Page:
• Yoo JH, Bailey A, Borsodi A, Tóth G, Matifas A, Kieffer BL, Kitchen I. (2014) 'Knockout subtraction autoradiography: a novel ex vivo method to detect heteromers finds sparse KOP receptor/DOP receptor heterodimerization in the brain.'. Eur J Pharmacol, Netherlands: 731, pp. 1-7.

    Abstract

    Several methodological approaches suggest that receptor heteromers exist in cell systems, but their presence in physiological tissue is widely contentious. We describe a novel method to determine if heterodimers exist in brain tissue sections using autoradiographic binding comparisons from single and double gene knockout mice, where tissues either have a full receptor complement and can form heterodimers, or are incapable of making heterodimers. We have tested this model, which we have named Knockout Subtraction Autoradiography, to determine if heterodimerisation of the kappa (KOP) and delta opioid (DOP) receptors occurs, as evidence from binding studies in cell systems suggest they are present in the brain. Using labeling of putative KOP receptor/DOP receptor heterodimers with either [(3)H]bremazocine or with [(3)H]naltrindole, two ligands which were used to provide evidence suggesting that these opioid receptor subtypes heterodimerize, we have applied a subtraction equation model based on the principle that receptor gene double knockout of either MOP receptor/KOP receptor (DOP receptor expression only) or MOP receptor/DOP receptor (KOP receptor expression only) produces tissue incapable of making the KOP receptor/DOP receptor heterodimer. We have shown in most brain regions that the labeling fits a simple additive model of monomer labeling, but that in a few brain regions opioid receptor heterodimerization does occur. The data does not support the conclusion that KOP receptor/DOP receptor heterodimerisation is widespread in the central nervous system, but does indicate that this novel methodology can detect heterodimerisation, when ligands with distinct binding affinities for monomer and heterodimer forms exist.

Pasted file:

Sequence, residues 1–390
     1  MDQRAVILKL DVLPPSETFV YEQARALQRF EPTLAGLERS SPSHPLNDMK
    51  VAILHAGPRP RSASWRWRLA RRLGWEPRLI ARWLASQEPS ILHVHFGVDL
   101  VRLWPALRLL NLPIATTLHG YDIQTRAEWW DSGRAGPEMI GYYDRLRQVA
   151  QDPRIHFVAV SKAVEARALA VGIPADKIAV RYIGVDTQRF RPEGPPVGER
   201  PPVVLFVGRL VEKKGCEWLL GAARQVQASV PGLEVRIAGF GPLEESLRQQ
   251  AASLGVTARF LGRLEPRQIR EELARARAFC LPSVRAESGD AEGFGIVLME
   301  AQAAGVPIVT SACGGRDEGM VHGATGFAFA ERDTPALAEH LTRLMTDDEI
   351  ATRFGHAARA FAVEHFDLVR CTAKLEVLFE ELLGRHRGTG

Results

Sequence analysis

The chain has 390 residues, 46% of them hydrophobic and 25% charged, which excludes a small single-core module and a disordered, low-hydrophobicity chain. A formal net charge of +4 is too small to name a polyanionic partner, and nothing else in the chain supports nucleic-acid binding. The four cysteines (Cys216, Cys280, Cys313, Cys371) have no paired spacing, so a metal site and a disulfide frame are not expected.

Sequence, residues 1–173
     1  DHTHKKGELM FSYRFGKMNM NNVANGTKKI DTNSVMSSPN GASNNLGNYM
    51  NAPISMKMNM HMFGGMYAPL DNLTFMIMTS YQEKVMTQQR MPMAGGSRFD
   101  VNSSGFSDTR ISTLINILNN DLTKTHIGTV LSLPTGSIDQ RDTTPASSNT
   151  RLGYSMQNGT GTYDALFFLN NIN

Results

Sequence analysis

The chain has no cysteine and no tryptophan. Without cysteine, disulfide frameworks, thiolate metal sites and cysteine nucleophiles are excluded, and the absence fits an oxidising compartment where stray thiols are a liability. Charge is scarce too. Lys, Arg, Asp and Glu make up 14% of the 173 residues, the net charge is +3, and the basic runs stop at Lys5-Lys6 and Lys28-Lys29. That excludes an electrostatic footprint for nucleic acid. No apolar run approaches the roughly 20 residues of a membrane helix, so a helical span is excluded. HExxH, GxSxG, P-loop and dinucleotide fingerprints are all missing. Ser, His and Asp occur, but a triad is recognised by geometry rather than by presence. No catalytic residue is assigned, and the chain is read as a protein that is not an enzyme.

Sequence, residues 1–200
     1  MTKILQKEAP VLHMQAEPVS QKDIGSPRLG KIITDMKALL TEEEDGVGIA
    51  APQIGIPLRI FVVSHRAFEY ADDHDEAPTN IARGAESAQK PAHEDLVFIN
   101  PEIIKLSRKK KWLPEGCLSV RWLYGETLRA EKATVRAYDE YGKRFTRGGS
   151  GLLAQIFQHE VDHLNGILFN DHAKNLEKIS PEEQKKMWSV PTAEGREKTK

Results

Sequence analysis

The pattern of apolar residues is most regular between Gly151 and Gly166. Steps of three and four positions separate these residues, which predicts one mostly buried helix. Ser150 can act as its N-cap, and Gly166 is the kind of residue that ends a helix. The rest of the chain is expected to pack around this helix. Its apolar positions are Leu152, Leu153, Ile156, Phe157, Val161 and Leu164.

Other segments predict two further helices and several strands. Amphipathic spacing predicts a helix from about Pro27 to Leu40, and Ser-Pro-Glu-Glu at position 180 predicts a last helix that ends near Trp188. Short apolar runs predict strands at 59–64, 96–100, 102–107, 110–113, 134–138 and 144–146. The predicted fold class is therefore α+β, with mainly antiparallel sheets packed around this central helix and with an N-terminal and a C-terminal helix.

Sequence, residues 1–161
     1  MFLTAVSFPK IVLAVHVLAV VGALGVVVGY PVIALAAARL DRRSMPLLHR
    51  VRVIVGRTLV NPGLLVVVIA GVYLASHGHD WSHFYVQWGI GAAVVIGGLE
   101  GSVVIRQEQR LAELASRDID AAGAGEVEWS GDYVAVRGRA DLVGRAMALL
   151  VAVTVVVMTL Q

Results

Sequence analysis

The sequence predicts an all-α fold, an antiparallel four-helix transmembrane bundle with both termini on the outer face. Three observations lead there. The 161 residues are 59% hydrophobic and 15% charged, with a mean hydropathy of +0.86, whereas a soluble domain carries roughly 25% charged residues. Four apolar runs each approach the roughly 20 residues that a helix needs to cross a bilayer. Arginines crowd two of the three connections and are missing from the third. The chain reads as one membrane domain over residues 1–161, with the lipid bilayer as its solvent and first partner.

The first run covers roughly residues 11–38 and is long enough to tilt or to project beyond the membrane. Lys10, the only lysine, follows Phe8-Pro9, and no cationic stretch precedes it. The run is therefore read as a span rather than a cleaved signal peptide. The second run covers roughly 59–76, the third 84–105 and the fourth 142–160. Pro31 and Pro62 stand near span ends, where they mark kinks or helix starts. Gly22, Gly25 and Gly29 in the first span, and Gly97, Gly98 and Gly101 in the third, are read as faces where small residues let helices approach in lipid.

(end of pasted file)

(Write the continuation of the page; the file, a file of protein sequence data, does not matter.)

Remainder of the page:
• Zanos P, Georgiou P, Wright SR, Hourani SM, Kitchen I, Winsky-Sommerer R, Bailey A. (2014) 'The oxytocin analogue carbetocin prevents emotional impairment and stress-induced reinstatement of opioid-seeking in morphine-abstinent mice'. Neuropsychopharmacology, 39 (4), pp. 855-865.

    Abstract